Half-True
Corcoran
Says the Florida House of Representatives allocated $24 billion, "the greatest investment in education in Florida history!"

Richard Corcoran on Saturday, May 6th, 2017 in a tweet

Florida House speaker touts record education spending, but there's more to grade

Florida House Speaker Richard Corcoran, left, and Senate President Joe Negron talk to the press at the end of the legislative session on May 8, 2017. (AP photo)

Florida House Speaker Richard Corcoran defended a controversial education bill by saying the Legislature had never spent more on the state’s children.

Both educators and lawmakers have criticized the Legislature for approving only a meager increase for K-12 spending in the 2017 legislative session. But as this year’s overtime session wound down, Corcoran touted the overall level of spending the Legislature approved for schools in a May 6, 2017, tweet:

That $24 billion is for all education spending that isn’t for colleges and universities, but also includes $419 million in HB 7069. That 278-page bill was negotiated behind closed doors in Tallahassee near the end of this year’s budgeting process.

It covers everything from virtual learning to testing reforms to teacher bonuses. One of the most contested components is $140 million for the "schools of hope" program, largely to attract privately managed charter schools to compete with near-failing schools in poor neighborhoods.

Given the heated debate on school funding, we wondered whether the 2017-18 state budget really contained "the greatest investment in education in Florida history," or if there’s more to the balance sheet we should consider.

A marginal increase in base funding

As a quick overview, the most common measure of education spending is the Florida Education Finance Program (FEFP), the main source of dollars for K-12 education. When most people discuss K-12 school funding, this is what they are talking about.

By law, it’s a combination of state and local funding. Each school district must contribute property tax dollars, called the "required local effort," in an amount dictated by the state. In recent years, the state has also received federal stimulus dollars.

For 2017-18, the Legislature increased the base education budget, or FEFP, from about $20.2 billion to $20.4 billion.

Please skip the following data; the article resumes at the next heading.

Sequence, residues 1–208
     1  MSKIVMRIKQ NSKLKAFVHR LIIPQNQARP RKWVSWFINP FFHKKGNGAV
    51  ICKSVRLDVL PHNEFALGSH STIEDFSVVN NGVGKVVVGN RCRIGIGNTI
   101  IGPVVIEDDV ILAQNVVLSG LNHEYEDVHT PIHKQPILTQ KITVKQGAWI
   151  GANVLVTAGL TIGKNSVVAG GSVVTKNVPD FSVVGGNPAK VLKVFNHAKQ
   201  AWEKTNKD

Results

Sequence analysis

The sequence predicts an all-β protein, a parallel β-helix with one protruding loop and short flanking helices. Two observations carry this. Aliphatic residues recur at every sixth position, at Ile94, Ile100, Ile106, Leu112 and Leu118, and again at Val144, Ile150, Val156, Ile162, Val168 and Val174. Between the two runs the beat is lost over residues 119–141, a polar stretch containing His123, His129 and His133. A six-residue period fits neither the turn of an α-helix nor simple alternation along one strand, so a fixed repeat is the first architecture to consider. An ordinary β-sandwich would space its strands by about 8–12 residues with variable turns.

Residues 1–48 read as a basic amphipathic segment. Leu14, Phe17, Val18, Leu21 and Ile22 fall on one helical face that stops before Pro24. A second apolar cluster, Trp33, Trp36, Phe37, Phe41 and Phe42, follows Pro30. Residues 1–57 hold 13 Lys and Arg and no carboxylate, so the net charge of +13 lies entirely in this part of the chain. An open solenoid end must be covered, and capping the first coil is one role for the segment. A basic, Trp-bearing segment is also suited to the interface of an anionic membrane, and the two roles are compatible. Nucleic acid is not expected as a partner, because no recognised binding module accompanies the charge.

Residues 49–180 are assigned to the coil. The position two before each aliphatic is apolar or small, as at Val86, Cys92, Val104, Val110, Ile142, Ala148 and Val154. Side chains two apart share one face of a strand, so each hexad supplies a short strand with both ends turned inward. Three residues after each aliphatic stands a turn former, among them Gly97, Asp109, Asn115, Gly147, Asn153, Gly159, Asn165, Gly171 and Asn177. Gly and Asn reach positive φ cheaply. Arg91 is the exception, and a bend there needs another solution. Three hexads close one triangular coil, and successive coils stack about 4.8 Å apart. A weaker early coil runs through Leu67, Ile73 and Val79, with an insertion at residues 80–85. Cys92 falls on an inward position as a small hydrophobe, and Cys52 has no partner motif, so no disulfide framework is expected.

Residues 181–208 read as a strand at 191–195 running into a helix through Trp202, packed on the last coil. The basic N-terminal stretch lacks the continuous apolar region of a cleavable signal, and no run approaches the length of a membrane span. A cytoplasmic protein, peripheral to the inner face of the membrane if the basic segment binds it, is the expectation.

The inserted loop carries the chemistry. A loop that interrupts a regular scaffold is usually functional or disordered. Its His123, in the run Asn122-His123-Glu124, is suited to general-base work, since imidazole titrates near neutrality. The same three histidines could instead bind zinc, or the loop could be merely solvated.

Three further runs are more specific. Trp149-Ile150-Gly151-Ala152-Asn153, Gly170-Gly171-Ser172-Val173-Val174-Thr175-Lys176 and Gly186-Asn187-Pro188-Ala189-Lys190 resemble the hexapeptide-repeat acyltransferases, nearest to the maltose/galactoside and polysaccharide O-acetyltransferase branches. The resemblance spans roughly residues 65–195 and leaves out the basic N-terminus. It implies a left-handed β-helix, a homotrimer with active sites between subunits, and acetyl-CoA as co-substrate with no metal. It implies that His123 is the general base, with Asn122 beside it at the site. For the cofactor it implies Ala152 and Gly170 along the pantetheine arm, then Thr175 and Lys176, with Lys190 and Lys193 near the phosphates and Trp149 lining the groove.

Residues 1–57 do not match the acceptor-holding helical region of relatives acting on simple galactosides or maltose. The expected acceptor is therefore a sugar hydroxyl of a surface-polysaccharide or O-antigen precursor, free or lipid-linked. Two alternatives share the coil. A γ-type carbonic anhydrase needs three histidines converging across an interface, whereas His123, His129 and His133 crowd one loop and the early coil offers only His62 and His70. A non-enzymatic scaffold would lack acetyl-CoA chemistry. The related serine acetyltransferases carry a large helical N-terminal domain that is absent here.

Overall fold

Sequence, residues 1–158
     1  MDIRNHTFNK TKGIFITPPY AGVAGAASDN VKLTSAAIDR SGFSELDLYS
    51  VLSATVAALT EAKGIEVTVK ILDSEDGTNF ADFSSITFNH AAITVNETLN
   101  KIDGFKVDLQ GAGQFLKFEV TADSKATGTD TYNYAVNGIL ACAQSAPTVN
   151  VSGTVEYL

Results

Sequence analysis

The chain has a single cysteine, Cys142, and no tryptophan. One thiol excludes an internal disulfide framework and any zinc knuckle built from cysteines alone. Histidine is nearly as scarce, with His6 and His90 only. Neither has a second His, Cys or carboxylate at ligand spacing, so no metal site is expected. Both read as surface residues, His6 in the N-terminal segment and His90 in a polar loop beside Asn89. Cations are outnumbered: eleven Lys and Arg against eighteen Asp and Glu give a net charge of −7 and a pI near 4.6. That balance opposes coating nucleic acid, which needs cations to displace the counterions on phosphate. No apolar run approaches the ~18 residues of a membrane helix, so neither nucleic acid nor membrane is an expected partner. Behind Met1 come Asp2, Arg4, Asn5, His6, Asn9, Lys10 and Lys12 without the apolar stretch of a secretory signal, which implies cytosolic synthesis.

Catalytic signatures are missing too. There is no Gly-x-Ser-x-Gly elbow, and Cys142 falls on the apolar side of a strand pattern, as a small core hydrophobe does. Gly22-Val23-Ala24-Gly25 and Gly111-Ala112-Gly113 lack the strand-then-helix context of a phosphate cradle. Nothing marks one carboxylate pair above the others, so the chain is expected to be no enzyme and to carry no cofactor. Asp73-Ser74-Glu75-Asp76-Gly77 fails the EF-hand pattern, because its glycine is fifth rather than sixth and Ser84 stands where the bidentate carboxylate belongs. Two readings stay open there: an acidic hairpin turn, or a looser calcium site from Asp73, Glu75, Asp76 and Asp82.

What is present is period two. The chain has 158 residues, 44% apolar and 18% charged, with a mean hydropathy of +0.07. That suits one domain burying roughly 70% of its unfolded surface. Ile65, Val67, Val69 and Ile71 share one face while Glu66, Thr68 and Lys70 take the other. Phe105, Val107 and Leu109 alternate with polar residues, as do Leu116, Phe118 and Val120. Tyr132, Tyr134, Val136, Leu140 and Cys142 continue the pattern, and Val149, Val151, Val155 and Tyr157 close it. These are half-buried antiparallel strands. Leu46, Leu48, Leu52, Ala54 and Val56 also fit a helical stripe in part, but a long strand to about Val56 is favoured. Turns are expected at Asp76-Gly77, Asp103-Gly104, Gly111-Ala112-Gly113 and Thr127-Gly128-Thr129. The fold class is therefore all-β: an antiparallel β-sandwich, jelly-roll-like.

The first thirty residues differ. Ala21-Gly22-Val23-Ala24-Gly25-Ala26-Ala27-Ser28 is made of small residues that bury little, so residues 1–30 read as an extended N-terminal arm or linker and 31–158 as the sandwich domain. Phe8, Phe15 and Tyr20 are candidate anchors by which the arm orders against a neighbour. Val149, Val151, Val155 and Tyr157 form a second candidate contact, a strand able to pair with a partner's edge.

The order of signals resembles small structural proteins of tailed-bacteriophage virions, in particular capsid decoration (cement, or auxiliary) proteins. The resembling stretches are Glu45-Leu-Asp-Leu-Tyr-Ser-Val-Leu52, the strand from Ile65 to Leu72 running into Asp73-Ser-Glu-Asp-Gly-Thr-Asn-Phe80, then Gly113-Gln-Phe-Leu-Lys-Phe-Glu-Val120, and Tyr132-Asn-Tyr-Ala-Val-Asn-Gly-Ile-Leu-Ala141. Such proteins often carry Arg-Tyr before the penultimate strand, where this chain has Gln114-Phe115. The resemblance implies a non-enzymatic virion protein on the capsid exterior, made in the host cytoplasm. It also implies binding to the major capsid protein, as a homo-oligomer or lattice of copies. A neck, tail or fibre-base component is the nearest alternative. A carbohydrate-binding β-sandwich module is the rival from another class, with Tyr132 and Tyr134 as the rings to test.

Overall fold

In the current school year, spending is about $7,196 per pupil. The 2017-18 budget raises that to about $7,221 per student, a 0.34 percent increase. The small change has drawn jeers from educators and parents, and is $200 less than the $7,421 amount Gov. Rick Scott requested in his proposed budget.

Corcoran is talking about more than the FEFP to reach his total.

Getting to $24 billion

His $24 billion figure includes several allocations for multiple programs outside the FEFP, and technically is the total for voluntary pre-kindergarten, as well as other programs including mentoring services and grants.

We requested analyses from both the House and Senate on both sides of the aisle, and they came up with roughly the same figures: The entire education budget for the next fiscal year — including the FEFP, grants, special programs and more — is about $14.7 billion in state funds (including $3.2 billion from state trust funds), plus another $9 billion from the required local effort. That’s a total of $23.7 billion, give or take a few estimated millions.

When you add HB 7069’s $419 million to that, you get about $24 billion.

Corcoran spokesman Fred Piccolo said that $24 billion outstripped all education funding from prior years, topping the current fiscal year’s $23.4 billion. He sent us a list of 10 years’ worth of spending, but would not specify what programs his office was counting when they compiled the figures.